The U.S. Department of Justice approved the spectrum sale Thursday morning, though with some conditions that limit the length and scope of the separate marketing deals that let Verizon Wireless and its MSO partners bundle each other's services. Federal Communications Commission (FCC) Chairman Julius Genachowski signaled his approval of the deal in a statement, and urged other Commissioners to vote in favor of it as well when the new order, now being circulated at the FCC, comes up for a vote. Comcast Corp. (Nasdaq: CMCSA, CMCSK) has also put out a statement saying it expects the deals to be approved.
There is a call on the deal happening just before noon EST today. Light Reading will provide more details about the conditions surrounding the deal soon. Wednesday night, Verizon filed a fresh proposal that it hopes will seal the deal to get it access to Advanced Wireless Services (1700MHz/2100MHz) spectrum for its 4G LTE service in the US. Verizon currently covers more than 75 percent of the US with 4G on the 700MHz C-Block, but says that consumers will "experience growing congestion beginning as early as 2013 in many markets and soon after in many others" if it doesn't get more bandwidth.
This is why in December 2011 Verizon proposed a $3.6 billion deal to buy spectrum from Comcast, Bright House Networks and Time Warner Cable Inc. (NYSE: TWC). In June this year, it tried to sweeten the deal with a proposal to swap AWS spectrum with T-Mobile across a total of 218 markets, giving its smaller rival a chance to broaden its own proposed 4G footprint.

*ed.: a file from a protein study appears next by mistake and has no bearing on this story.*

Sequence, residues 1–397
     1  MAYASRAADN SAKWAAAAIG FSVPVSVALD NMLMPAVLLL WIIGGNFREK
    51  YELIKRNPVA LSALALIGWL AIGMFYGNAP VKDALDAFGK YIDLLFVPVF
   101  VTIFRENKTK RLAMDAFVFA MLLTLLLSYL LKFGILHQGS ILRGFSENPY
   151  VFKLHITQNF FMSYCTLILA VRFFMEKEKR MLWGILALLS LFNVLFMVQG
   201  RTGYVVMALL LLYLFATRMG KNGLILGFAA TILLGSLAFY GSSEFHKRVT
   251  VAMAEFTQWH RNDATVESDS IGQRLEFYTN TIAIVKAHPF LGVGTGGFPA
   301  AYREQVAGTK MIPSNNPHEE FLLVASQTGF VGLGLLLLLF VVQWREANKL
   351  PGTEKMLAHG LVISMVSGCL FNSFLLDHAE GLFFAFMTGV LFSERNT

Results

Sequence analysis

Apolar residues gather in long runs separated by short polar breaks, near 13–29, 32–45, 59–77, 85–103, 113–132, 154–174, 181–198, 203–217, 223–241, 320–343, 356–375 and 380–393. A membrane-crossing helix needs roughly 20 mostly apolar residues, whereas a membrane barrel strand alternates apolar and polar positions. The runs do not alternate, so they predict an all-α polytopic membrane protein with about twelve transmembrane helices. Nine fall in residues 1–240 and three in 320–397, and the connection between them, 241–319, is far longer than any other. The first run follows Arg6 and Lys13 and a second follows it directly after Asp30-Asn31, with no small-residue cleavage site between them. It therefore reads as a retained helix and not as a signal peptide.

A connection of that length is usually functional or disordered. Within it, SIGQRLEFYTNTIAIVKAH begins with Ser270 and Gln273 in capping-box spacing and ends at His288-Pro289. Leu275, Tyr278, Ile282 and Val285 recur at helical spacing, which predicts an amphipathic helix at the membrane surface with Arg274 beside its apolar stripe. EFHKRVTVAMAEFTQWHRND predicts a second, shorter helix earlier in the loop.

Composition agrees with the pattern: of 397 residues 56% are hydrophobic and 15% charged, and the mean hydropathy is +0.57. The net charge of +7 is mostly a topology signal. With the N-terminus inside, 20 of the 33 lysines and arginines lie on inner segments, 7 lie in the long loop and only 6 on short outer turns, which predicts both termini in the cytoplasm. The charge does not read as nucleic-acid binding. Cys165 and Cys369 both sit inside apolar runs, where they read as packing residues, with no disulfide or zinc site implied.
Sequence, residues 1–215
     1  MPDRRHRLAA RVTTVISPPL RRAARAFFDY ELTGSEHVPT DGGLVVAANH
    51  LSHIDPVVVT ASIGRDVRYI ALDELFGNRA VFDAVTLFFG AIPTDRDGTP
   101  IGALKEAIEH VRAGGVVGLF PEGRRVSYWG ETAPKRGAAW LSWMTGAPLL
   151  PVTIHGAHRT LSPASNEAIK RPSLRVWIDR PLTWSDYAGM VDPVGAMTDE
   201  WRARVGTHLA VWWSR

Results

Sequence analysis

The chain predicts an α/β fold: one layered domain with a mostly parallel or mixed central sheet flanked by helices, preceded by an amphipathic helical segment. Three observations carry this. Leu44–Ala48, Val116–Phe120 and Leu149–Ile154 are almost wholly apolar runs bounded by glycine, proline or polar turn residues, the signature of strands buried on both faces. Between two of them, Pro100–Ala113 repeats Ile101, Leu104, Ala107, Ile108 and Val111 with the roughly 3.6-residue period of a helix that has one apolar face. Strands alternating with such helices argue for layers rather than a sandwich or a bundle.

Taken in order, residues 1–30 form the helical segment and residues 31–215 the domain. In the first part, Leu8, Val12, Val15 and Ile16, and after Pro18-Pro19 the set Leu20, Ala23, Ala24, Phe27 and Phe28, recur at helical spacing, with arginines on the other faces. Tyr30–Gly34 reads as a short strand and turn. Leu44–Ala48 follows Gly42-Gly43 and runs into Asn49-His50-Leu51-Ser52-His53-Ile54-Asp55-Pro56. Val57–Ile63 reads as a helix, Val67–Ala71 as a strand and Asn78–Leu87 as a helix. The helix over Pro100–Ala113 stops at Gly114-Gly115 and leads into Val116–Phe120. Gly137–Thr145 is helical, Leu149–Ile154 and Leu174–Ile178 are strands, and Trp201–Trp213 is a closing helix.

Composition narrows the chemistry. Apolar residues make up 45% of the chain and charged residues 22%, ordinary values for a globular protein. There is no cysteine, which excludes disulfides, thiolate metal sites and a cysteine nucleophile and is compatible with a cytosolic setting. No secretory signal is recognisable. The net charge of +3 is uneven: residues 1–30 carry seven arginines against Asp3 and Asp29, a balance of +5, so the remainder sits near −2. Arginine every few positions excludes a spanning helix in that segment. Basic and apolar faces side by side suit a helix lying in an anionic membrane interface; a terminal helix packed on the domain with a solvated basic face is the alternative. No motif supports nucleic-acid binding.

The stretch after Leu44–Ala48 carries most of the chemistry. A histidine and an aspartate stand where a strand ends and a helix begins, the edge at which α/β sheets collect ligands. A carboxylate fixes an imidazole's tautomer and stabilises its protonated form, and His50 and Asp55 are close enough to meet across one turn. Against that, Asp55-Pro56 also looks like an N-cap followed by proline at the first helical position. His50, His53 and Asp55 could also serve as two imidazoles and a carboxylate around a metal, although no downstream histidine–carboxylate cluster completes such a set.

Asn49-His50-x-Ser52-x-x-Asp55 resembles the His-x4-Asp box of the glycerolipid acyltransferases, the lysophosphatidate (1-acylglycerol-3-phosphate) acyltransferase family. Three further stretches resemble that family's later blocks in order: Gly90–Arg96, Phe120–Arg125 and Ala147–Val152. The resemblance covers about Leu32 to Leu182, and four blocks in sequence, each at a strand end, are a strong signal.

Sprint Corp. (NYSE: S) and others, however, are still pushing the FCC to put conditions on the spectrum deals. So, Verizon is seeking to reassure the agency of its good intentions with its latest proposals.
Big Red tells the FCC it will:
Why this matters These concessions show how much Verizon wants to close this spectrum deal. It has argued with the FCC on 700MHz LTE roaming rights in particular in the past.
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